P-2 visas are available to artists or entertainers, either individually or as part of a group, who come to the U.S. to perform under a reciprocal exchange program between the U.S. and one or more other countries. All essential support personnel are included. To qualify for P-2 visa, the individual must be an artist entering the United States through a government recognized reciprocal exchange program. Additionally, the individual must possess skills comparable to those of the United States artists and entertainers taking part in the program outside of the United States.

P-3 visas are available to artists or entertainers who come to the U.S. temporarily, either individually or as part of a group, to develop, interpret, represent, teach or coach in a program that is considered culturally unique, such as traditional ethnic, folk, musical, theatrical or artistic performances or presentations. The program may be of either a commercial or noncommercial nature.

Highly skilled, essential individuals who are an integral part of the performance of a P-1, P-2, or P-3 visa holder may also be granted P visas (with the same visa designation as the primary visa holder). These individuals must perform support services that cannot be readily performed by a U.S. worker and are essential to the successful performance of services by the P-1, P-2 or P-3 visa holder. The support person must have appropriate qualifications to perform the services, critical knowledge of the specific services to be performed, and experience in providing such support to the P-1, P-2, or P-3 visa holder.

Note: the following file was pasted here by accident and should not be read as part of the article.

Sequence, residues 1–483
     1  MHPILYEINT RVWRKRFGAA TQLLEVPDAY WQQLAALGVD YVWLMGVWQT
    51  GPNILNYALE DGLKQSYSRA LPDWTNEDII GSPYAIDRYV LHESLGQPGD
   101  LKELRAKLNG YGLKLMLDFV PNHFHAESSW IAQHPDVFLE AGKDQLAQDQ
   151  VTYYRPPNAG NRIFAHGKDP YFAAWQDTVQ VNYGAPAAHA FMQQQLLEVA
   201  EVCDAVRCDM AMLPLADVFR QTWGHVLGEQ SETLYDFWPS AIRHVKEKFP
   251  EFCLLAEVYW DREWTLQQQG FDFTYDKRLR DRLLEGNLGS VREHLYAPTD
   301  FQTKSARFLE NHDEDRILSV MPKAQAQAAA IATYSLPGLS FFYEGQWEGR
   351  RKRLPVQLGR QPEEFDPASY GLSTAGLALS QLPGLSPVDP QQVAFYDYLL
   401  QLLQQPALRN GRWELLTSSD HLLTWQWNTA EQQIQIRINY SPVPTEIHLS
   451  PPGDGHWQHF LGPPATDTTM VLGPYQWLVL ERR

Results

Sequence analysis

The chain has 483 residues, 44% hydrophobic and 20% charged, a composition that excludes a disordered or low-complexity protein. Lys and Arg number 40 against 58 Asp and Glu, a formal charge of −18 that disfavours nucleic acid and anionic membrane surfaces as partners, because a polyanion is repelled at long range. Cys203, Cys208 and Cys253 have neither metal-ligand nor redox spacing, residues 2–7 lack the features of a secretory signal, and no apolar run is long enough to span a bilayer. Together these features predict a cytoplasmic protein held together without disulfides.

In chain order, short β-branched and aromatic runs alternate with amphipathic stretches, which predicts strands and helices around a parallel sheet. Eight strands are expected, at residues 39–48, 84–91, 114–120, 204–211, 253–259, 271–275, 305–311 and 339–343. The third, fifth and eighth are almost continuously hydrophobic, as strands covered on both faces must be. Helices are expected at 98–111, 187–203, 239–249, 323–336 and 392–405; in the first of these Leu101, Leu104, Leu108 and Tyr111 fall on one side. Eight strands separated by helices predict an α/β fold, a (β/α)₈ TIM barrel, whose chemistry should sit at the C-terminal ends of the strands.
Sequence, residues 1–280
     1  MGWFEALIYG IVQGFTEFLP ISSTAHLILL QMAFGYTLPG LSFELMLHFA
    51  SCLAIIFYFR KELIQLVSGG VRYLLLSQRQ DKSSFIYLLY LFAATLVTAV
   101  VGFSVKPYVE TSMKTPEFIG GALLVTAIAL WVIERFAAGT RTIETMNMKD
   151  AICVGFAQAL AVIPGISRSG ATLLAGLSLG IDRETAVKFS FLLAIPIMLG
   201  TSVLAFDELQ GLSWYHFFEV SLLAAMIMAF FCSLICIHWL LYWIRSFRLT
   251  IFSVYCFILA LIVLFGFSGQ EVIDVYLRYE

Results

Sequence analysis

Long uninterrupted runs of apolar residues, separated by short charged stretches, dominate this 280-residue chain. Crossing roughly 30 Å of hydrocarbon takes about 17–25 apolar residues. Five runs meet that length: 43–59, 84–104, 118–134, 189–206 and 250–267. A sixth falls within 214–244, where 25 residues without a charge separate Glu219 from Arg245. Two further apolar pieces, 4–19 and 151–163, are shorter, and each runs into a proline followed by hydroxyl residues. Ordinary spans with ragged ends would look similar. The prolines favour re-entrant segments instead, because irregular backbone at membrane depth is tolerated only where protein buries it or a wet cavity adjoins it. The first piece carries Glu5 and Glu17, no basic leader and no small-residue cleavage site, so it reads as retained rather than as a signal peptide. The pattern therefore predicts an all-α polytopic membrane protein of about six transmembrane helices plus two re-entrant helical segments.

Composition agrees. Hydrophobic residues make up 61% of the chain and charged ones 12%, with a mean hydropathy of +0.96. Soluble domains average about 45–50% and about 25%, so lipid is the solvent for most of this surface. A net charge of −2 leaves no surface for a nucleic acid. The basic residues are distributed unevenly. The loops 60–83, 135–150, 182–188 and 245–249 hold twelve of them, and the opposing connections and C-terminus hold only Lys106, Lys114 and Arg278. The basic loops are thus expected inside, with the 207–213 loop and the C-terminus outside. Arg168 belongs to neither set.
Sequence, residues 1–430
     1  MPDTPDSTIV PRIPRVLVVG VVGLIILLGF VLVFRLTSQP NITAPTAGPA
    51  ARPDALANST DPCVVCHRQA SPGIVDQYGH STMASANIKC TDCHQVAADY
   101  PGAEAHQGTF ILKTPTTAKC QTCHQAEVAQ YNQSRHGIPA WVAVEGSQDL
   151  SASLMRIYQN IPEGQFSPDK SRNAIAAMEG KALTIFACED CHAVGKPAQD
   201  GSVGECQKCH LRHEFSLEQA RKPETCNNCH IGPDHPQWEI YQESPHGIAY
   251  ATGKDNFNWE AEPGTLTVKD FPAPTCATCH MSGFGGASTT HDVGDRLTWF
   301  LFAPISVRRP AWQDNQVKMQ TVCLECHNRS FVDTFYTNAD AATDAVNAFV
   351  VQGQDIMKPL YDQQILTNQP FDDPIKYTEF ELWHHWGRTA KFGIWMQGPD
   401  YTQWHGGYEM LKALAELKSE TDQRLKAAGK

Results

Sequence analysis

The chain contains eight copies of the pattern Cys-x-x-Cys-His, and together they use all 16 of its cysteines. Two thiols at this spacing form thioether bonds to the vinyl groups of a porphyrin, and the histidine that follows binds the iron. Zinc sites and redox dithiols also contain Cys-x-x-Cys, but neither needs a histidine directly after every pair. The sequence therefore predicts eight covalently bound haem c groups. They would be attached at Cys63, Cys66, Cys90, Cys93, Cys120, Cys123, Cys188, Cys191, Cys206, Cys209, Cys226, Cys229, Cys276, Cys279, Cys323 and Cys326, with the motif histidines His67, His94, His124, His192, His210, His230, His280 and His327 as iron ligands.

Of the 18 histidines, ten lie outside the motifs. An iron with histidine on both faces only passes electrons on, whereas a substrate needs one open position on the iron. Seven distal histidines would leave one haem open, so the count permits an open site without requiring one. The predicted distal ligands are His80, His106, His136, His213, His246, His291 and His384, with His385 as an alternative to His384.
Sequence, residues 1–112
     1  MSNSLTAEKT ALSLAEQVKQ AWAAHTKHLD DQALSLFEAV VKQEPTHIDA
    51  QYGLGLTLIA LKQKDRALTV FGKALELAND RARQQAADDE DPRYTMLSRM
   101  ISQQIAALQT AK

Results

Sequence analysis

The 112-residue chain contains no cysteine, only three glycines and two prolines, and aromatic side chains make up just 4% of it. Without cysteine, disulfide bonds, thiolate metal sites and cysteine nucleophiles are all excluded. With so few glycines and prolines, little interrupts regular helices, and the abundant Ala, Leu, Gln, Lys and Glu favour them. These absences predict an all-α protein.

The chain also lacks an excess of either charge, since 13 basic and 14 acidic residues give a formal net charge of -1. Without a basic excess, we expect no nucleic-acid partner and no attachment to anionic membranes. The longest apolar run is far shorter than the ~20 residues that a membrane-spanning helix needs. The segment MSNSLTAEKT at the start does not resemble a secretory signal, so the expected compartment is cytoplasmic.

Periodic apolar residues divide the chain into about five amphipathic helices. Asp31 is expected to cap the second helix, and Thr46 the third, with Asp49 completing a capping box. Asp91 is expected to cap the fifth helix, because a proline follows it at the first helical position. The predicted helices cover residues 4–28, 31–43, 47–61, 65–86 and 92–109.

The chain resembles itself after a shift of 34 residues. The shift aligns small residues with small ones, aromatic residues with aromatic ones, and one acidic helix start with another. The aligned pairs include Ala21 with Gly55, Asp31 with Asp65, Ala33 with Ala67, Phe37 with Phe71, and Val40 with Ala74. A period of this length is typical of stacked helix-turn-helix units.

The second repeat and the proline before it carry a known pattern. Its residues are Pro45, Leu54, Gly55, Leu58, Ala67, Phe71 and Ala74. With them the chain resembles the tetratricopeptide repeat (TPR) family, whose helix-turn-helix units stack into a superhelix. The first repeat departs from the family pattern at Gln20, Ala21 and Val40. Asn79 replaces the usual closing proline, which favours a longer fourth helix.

There are several advantages and disadvantages of the P visas:

  • P visas will be granted for the length oftime needed to complete a particularevent, performance, tour or season, up to a maximumof one year. However, P-1 athletes maybe admitted for a period of up to fiveyears with one extension of up to fiveyears.P visa holders may also be allowed some extra time for vacation, as well as for promotional appearances and stopovers incidental and/or related to the event.
  • The P visa holder can work legally in the U.S. for the P visa sponsor. If, however, the person wants to change jobs, getting a new visa will be necessary.
  • A P visa holder may travel in and out of the U.S. or stay continuously for as long as the P visa stamp and status are valid.
  • P visas can be issued relatively quickly.
  • A spouse and unmarried children under age 21 may receive P-4 visas to accompany the main P visa holder, but they may not accept employment in the United States.

For details about how to apply for P visa please consult an immigration attorney for a full personal analysis of your eligibility and for help with the application process.

Contributing Author

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Tina M. Maiolo

A member of Carr Maloney, P.C., Tina Maiolo partners with clients to operate and grow their businesses. She focuses her legal practice in...